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uiberto
October 9th, 2009, 04:29 PM
Hi,

I'm working on a programming project with a partner. I'm running Eclipse 3.2.2 w/ CDT & gcc 4.3.3. I think he's running a recent version of Xcode on a Mac.

When he sends me a piece of code, he often uses functions from a few standard libraries (stdlib.h, limits.h, string.h) without ever including the library. It compiles fine on his box, but I have to manually include the libraries in the appropriate file.



Building file: ../code.cpp
Invoking: GCC C++ Compiler
g++ -O0 -g3 -Wall -c -fmessage-length=0 -MMD -MP -MF"code.d" -MT"code.d" -o"code.o" "../code.cpp"
../code.cpp: In member function ‘char Code::getAminoAcidCode(int, int, int)’:
../code.cpp:69: error: ‘exit’ was not declared in this scope
make: *** [code.o] Error 1


I found a page discussing that gcc 3.4.x and earlier used to include stdlib.h as a dependency when you included iostream and that this was changed in gcc 4.?.?. Maybe he has an old version of gcc? Will check.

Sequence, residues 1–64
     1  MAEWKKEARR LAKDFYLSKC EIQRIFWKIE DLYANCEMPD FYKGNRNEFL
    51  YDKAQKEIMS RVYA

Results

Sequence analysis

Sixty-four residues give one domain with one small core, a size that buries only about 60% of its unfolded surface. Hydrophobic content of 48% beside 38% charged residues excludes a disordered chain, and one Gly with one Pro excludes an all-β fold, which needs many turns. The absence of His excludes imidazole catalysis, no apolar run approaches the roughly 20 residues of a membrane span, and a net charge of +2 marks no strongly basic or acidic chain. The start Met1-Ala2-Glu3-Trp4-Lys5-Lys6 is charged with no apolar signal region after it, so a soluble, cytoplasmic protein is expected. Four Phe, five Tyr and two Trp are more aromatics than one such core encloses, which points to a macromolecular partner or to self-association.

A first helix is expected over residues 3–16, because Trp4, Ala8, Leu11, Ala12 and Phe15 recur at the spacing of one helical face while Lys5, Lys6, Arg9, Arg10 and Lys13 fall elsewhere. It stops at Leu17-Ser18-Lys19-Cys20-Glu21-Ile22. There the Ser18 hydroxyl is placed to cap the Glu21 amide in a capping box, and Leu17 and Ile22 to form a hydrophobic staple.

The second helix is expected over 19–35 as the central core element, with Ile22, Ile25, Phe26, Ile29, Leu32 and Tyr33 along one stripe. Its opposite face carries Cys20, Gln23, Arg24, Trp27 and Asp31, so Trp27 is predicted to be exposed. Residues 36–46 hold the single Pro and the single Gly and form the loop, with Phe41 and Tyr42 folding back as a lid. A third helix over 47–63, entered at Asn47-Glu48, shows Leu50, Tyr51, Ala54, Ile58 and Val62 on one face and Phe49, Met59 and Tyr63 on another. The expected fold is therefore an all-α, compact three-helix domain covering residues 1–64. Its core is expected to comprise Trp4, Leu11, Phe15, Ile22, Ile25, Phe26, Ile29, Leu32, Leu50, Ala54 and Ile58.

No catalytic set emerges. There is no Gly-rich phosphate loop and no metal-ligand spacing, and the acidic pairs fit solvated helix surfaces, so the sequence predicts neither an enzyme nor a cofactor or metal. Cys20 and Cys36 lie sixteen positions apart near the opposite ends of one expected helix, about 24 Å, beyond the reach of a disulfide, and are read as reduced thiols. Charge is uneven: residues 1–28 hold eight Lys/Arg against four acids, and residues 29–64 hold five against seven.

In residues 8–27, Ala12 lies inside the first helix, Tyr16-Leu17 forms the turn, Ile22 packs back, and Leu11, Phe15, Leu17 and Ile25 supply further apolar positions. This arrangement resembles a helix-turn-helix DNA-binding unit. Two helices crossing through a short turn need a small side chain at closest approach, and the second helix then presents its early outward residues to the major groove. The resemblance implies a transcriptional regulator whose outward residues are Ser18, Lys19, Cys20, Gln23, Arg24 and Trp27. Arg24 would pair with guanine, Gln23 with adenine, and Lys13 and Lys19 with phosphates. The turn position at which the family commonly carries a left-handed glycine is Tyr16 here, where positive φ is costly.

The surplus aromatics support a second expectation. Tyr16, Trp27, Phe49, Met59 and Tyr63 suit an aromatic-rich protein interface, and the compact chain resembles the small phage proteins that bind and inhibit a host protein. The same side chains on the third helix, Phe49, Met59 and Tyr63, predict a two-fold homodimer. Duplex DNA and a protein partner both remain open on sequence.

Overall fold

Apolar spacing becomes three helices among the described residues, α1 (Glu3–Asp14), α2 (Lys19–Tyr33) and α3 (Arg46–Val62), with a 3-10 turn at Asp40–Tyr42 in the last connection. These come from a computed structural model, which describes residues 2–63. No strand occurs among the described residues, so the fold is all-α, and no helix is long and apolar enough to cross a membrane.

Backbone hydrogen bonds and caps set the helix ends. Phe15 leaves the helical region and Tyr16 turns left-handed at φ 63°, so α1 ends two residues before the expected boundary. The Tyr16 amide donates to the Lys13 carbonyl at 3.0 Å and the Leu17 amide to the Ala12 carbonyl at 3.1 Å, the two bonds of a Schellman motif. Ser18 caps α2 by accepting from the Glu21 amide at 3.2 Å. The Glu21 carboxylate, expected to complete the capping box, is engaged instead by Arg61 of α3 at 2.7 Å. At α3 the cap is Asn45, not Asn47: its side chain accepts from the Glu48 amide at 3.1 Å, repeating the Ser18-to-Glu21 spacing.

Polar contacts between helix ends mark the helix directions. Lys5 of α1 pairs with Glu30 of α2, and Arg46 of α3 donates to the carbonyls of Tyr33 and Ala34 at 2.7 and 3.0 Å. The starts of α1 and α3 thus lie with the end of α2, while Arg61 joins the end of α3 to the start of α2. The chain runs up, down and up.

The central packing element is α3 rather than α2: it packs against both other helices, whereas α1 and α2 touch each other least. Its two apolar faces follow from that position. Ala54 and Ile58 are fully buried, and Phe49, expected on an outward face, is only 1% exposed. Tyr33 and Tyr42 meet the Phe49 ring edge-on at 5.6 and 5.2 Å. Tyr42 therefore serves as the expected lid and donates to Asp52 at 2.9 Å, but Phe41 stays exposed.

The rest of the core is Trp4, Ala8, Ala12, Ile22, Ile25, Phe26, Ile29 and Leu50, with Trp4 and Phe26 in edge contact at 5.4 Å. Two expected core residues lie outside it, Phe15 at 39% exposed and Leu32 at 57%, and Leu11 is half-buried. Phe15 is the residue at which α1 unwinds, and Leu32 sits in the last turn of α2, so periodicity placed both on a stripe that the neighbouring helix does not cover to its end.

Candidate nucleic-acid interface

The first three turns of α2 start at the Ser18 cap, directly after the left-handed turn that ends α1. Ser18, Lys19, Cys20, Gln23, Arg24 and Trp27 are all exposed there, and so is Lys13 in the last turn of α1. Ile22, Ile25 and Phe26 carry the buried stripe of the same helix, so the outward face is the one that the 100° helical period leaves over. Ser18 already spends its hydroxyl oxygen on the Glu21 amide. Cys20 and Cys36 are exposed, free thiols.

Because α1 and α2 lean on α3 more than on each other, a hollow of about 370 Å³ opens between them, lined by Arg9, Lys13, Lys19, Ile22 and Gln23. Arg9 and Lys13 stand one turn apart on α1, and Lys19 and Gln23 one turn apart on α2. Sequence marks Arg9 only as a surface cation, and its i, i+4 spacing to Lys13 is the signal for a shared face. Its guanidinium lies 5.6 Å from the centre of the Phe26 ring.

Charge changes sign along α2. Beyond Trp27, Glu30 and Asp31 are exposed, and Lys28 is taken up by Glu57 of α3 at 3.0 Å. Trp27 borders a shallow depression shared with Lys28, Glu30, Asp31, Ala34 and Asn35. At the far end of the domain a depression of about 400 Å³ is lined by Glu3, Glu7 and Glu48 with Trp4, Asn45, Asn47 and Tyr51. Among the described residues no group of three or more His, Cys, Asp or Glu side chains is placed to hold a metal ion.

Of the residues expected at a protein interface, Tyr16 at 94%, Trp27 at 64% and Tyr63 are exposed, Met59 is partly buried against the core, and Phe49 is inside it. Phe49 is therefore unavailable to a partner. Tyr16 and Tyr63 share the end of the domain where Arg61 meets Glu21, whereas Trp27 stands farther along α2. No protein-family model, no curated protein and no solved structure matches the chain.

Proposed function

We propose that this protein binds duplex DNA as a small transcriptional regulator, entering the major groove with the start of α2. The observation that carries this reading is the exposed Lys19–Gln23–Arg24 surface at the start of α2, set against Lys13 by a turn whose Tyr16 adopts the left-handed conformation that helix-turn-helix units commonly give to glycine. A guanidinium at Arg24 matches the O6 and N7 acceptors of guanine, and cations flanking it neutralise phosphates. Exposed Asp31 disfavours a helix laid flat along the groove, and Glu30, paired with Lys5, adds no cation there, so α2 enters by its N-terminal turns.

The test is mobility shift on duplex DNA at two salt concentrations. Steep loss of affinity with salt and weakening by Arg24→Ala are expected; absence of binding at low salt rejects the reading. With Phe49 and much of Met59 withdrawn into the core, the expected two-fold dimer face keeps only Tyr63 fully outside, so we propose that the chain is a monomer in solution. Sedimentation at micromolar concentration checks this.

He said his Xcode does not automatically link any libraries. He also said he's tested this code on a variety of platforms over the past 5 years. Maybe Eclipse is not linking stdlib, limits, string, etc correctly.

I haven't programmed in a few years, but something seems strange.

Any thoughts?

Thanks,

uiberto

MadCow108
October 9th, 2009, 04:58 PM
some compilers include some standard headers and libraries by default others don't

so you should always include everything that is needed even when it is not required to do so by your compiler. This eliminates these kind of problems.
So get your partner to write proper portable code would be the best solution.

you could also use the -include flag of gcc to always include the missing headers without modifying the source files. but the latter is recommended.

uiberto
October 12th, 2009, 05:19 PM
Thanks for the helpful reply.